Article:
• Create legal agreement—either an LLC operating agreement or corporation bylaws
  • Apply for an EIN (but more on that shortly)

Step 5: Register your business

As a newly-formed LLC, corporation, partnership, or nonprofit, you’ll likely have to register with the appropriate state agency where your business operates. This includes any state where you or your business:2

  • Has a physical location
  • Conducts regular face-to-face client meetings
  • Receives a substantial chunk of revenue
  • Employs individuals

On a local level, you may also have to register your business’s trade name (a DBA, or “Doing Business As” title) with your city or county. Setting up the legal structure for your business is a critical step on our business startup checklist. Your business cannot thrive if you find yourself in legal trouble.

Step 6: Obtain federal & state tax identification numbers

On the federal level, you’ll need an Employer Identification Number (EIN) to pay business taxes and hire employees.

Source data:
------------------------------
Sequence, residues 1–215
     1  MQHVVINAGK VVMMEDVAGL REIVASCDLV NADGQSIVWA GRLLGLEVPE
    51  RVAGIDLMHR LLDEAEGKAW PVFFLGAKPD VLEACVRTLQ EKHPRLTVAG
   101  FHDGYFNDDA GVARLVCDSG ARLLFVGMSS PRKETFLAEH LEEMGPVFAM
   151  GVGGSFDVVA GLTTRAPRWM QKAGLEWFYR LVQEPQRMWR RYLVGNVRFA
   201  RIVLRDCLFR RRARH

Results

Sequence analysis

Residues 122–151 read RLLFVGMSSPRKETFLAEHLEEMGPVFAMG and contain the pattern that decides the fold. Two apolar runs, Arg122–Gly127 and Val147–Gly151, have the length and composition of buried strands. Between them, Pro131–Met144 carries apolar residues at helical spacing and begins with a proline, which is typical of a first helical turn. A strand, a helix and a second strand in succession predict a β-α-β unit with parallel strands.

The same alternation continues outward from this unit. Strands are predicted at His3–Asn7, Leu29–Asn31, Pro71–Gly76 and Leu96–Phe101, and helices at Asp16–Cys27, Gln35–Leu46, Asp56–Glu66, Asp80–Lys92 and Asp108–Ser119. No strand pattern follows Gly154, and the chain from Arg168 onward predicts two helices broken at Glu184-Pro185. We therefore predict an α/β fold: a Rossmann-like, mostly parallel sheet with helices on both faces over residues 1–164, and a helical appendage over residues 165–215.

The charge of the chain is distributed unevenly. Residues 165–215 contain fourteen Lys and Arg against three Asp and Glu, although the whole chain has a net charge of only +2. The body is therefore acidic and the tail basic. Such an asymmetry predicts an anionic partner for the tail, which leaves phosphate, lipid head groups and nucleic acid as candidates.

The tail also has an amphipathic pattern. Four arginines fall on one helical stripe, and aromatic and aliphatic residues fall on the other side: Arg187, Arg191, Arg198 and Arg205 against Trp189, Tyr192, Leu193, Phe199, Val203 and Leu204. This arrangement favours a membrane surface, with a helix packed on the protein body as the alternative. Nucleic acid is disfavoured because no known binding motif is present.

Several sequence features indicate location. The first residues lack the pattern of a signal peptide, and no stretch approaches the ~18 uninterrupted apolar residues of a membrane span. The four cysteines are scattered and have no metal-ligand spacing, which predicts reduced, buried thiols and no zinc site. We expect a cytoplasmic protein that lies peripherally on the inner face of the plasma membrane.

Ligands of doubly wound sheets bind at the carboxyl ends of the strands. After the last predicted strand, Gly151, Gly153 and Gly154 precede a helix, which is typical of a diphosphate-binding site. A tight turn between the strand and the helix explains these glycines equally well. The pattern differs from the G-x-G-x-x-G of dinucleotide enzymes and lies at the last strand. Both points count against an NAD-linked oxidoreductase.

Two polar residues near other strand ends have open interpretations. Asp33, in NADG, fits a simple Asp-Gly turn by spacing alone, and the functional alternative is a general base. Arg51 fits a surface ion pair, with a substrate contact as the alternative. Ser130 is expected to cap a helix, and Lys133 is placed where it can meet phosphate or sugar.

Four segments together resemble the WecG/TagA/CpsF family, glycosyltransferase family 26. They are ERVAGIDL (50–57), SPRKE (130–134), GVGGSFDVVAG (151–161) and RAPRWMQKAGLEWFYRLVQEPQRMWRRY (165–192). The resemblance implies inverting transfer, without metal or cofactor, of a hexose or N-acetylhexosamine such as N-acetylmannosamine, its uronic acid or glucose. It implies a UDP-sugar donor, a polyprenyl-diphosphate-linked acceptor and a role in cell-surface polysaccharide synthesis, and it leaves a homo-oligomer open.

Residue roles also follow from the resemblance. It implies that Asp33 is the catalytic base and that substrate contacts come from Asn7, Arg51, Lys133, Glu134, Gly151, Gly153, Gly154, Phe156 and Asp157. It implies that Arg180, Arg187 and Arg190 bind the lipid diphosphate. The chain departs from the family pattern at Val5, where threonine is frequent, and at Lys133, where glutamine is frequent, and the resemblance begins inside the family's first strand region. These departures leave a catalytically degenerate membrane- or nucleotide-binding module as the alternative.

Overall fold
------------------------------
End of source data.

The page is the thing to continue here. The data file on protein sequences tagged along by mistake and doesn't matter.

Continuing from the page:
An EIN separates you, the business owner, from your company, the business entity, which can sometimes protect you financially if your company goes under. You’ll also need it to open a business bank account and establish solid credit, which will make it easier to take out commercial loans later on.

Every state is different, but many require a state tax identification number (or state EIN) if your business has to pay state taxes. Check in with your state department for the specific process in your jurisdiction.

Step 7: Secure requisite licenses, permits, & certifications (oh my!)

Most businesses require at least one type of permit or license; some require several, on the federal, state, and municipal levels.

Here’s a breakdown of what you might need for your company:

Federal permits – Most businesses can skip this step, but some of the more heavily regulated industries require federal approval to conduct their operations:

  • Drug manufacturing
  • Ground transportation
  • Investment advisement